After COVID-19 had essentially "shut down" the cruise industry over the past year, the anticipation for cruises to resume has been at an all-time high. Fortunately, it appears that most major cruise lines will begin to resume scheduled cruises later this summer. Although protocols will be different onboard, the high demand for forecast and routing assistance remains the same.
With the abundance of new ships/fleets awaiting their maiden voyages, we anticipate a greater uptick in the need for forecasting services. We would like to highlight our Cruise Surveillance package which can assist with your needs.
WRI's Cruise Surveillance package provides 24/7 monitoring of transits at sea and in port, where our team of meteorologists are monitoring for any heavy weather, tropical, or any other potential hazards. Our goal is to provide your vessels with concise data for enjoyable transits and port stays, while also optimizing the transit for greatest efficiency when conditions allow.
WRI Cruise Liner Surveillance and Monitoring includes the following:
Tropical Alerts/Discussions (up to 4x/day)
Daily Forecast Maps, Port Forecasts, Trip Summaries, and Adverse Weather Summaries
Daily Visibility Reports & Tender Reports
Earthquake/Tsunami Alerts & Local Government Advisories
Unlimited Online Dolphin website access
24/7 consultation with our team of meteorologists
Figure 1: Adverse Weather Summary
The Adverse Weather Summary highlights potential threats for heavy weather, visibility, squalls, ice or tropical threat within the next 7 days. The report is also color coded to show the "level of concern" scaling from no threat to extreme threat. If you find any concern over the next 7 days, you can request services immediately by filling out the form found on the bottom right of the report. We will then provide detailed forecasts & route recommendations for any routes upon the request of your operations team or your vessel.
WRI Dolphin Website includes the following features:
Unlimited access to Forecast Maps with vessel positions plotted and AIS data
Port Forecasts, Tender/Visibility Reports
Dolphin Voyage Planner
Weather Map Request
Figure 2: WRICREWS 60m winds on Dolphin
WRI's Dolphin website provides the latest real-time observations and weather forecast data charts worldwide for all to view along a route or anywhere in the world. We display your ships/fleet dead-reckoned position on all maps which is user-friendly for viewing purposes. Some of Dolphin's forecast parameters include but are not limited to: WRICREWS (60m winds), Wave Height/Direction, and Air/Sea Temperatures.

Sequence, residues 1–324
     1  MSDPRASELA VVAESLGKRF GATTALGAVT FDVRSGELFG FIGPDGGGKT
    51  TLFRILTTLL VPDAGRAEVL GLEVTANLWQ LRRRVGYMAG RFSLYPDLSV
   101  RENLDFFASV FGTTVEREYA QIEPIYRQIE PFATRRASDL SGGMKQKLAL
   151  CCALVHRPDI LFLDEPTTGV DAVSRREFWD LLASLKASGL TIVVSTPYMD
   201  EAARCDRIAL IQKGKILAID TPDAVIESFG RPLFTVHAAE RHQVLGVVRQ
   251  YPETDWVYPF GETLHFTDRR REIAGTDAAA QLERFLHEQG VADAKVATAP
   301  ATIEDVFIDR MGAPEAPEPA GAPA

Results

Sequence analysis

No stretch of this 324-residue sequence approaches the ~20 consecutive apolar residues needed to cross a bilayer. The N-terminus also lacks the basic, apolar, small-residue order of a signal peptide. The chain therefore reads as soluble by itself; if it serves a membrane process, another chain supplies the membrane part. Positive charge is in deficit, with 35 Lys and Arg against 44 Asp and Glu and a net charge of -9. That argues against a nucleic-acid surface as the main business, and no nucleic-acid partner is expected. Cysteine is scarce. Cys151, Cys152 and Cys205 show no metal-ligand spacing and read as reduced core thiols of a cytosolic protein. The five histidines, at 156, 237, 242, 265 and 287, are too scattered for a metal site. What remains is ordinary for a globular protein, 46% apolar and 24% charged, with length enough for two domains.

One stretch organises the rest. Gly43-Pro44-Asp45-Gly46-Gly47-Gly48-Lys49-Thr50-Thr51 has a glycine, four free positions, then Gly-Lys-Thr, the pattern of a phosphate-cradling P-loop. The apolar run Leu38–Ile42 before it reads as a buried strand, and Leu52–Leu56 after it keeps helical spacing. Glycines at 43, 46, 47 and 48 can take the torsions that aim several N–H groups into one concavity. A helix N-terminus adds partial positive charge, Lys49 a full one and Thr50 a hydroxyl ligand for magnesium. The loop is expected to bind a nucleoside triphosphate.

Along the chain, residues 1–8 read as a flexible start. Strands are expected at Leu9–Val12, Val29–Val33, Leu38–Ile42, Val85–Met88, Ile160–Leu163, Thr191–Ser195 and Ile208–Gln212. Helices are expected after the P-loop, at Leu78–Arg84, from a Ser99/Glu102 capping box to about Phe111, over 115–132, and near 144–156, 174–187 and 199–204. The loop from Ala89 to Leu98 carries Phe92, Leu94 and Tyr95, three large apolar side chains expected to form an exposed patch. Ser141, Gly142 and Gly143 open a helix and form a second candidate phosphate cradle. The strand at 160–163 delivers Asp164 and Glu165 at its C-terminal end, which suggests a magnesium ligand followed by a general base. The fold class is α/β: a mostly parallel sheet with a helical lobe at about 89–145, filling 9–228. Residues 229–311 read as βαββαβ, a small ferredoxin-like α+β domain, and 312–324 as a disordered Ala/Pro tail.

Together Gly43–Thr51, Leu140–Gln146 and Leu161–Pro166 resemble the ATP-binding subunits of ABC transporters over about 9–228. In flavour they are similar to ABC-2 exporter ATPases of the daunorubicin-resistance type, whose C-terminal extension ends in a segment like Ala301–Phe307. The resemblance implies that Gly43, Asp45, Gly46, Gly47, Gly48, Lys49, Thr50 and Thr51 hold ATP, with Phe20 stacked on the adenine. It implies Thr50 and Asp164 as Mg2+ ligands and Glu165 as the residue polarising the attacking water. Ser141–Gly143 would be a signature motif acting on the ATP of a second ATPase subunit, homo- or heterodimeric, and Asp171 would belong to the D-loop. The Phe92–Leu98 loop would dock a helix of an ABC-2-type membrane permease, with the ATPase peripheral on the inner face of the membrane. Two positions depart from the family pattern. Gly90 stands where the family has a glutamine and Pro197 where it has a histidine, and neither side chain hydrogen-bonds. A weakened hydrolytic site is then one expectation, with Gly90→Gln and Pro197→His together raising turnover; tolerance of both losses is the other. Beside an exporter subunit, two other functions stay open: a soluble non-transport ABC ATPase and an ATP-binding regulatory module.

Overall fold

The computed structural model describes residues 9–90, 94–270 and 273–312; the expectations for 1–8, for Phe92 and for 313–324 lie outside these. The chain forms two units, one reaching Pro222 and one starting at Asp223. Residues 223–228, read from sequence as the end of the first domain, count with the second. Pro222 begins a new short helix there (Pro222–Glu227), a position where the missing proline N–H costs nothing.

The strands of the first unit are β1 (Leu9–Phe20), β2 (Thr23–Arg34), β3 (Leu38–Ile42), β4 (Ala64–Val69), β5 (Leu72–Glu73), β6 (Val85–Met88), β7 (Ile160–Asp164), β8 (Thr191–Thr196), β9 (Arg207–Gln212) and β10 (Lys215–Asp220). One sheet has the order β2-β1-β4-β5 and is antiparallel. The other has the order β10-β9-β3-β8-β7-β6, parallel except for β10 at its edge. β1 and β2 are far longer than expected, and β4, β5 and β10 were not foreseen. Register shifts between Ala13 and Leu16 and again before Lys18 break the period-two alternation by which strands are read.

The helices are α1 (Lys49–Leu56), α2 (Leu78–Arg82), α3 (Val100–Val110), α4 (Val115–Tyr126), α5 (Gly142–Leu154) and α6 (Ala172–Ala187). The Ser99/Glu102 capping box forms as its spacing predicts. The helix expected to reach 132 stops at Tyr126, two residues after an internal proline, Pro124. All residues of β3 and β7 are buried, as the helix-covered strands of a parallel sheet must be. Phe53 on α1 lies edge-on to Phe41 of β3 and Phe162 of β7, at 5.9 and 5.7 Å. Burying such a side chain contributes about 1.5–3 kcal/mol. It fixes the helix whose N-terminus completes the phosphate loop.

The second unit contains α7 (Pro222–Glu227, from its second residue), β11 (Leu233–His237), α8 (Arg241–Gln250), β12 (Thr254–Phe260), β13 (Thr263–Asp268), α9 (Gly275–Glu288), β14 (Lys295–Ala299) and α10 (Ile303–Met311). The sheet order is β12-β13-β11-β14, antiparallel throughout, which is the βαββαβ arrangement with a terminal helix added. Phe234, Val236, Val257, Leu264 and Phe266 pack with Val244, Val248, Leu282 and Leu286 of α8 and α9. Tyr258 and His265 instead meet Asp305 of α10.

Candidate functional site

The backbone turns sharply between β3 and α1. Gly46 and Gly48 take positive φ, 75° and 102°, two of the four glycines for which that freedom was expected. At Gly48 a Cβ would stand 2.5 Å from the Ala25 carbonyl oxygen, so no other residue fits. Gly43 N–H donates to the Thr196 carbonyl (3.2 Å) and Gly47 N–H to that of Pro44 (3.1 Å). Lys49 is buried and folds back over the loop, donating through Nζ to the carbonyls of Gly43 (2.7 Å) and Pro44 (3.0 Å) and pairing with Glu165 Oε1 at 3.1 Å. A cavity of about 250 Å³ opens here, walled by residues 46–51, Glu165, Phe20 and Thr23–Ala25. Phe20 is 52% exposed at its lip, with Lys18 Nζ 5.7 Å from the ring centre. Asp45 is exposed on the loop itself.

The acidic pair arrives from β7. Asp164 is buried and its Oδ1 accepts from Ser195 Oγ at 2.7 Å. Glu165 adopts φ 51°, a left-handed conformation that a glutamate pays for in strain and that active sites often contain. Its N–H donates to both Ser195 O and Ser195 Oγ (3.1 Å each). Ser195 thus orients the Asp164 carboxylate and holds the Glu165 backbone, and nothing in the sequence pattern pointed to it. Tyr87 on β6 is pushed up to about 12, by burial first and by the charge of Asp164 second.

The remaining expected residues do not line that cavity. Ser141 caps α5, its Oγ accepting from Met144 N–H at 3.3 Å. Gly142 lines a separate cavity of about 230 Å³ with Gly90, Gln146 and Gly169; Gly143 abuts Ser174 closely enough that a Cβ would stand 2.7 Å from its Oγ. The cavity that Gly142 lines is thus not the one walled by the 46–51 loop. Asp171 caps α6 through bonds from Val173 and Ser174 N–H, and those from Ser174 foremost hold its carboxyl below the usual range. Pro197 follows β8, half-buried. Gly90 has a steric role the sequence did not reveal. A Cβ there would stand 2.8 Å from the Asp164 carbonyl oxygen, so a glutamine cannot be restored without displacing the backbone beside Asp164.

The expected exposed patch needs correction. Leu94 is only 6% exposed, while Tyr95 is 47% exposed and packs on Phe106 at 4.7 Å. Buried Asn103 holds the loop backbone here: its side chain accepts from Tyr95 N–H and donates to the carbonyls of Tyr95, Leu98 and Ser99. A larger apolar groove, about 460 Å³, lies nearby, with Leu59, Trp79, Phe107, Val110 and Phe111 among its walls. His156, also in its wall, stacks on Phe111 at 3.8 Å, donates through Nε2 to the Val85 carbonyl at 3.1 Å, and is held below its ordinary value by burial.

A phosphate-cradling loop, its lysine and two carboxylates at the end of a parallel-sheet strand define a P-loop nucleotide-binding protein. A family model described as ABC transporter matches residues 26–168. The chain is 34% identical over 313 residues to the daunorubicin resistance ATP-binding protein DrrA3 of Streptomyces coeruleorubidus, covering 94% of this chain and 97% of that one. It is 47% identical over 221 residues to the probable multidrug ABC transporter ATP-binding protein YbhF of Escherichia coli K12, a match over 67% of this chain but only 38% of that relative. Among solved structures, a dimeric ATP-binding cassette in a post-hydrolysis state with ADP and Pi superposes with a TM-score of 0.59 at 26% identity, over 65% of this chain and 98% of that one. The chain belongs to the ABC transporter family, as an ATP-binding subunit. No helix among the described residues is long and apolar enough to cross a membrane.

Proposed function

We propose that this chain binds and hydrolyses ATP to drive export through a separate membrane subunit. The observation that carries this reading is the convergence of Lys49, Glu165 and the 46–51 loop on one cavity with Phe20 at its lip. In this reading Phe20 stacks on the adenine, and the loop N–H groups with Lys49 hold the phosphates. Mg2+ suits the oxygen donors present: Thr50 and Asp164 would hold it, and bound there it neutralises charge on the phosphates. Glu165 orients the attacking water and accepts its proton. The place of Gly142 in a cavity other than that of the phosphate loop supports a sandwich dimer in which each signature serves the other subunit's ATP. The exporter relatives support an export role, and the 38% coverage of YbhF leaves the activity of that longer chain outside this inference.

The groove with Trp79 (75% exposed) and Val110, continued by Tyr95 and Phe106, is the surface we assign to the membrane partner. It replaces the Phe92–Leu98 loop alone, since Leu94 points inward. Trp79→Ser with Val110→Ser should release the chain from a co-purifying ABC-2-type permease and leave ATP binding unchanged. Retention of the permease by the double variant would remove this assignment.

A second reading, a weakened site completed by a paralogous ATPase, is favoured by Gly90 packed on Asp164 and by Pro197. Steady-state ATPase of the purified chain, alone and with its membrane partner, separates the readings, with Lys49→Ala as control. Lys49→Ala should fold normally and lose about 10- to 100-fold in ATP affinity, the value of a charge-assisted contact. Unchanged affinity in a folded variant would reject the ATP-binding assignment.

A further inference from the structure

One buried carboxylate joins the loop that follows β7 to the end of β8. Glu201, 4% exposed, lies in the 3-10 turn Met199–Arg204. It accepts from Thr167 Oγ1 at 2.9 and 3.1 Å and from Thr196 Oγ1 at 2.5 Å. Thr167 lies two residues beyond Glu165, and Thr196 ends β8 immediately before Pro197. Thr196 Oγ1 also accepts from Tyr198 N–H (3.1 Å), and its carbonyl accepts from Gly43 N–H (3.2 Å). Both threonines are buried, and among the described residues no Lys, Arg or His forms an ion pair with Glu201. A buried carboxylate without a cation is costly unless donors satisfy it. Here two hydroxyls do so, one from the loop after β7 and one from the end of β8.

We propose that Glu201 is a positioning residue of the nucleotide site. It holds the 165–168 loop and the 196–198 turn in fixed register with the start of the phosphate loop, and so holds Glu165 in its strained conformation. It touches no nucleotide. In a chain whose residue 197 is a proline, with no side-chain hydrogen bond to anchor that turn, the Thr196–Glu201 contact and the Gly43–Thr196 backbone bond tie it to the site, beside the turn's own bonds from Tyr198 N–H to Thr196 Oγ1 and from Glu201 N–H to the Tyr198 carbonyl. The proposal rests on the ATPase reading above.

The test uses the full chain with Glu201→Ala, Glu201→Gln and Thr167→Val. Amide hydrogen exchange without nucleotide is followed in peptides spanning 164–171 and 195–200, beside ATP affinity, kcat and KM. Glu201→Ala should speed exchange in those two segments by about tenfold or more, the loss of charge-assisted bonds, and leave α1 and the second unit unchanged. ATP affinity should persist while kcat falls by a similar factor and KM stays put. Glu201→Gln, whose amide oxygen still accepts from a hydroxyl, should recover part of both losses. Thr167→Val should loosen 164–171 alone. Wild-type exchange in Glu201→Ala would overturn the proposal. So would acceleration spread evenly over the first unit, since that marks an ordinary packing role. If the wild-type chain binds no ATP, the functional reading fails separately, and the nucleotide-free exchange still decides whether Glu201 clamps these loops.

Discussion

If you have any questions regarding our products or services, or need any assistance with the Dolphin website, please contact us at any time. Our team of meteorologists are available 24/7 to assist.
Tropical Storm Nepartak (11W) Making Waves at the Tokyo Olympics Ryan Kiely, Operations Manager & Senior Meteorologist
If you have watched the surfing competitions in the Tokyo 2020 Olympics (being held in 2021) you may have noticed the large waves for the surfers at Tsurigasaki Surfing Beach. This is due in part to the approach of Tropical Storm Nepartak over the past few days. While the system has not made landfall near Tokyo, it has been bringing large swell to the eastern coast of the Boso Peninsula where the surfing competition is taking place.
The above map shows the NE'ly swell of up to 3.0m offshore during the afternoon/evening of the 26th. These conditions remained in place through the 27th as well which resulted in the Olympic Committee deciding to have the final competitions take place one day sooner to take advantage of the large waves from Tropical Storm Nepartak.
This raises the question of "How often are the Olympic Games impacted by tropical systems?". Looking back at 50+ years of historical tropical tracks, there has only been one time previously that a tropical system (or remnants of one) have been this close to the Olympic Games. Coincidentally, this was the 1964 Summer Olympics which were also hosted in Tokyo. In 1964, Tropical Storm Dot was classified near Palau on 6 October and would go on to make landfall as a Typhoon near Hong Kong on 13 October. The remnants of the system moved back over the East China Sea on the 15th, and the extratropical remnants passed about 160nm south of Tokyo on 18 October. However, none of the sailing events at Enoshima took place on that day when conditions would have been at their worst.
Figure 2: Path of Tropical Storm Dot in 1964
Fortunately, Tropical Storm Neparatak did not cause any major issues, but it was certainly "making waves" for the surfing competition.
• 12 August 2021 - Webinar/Atlantic Tropical Season Update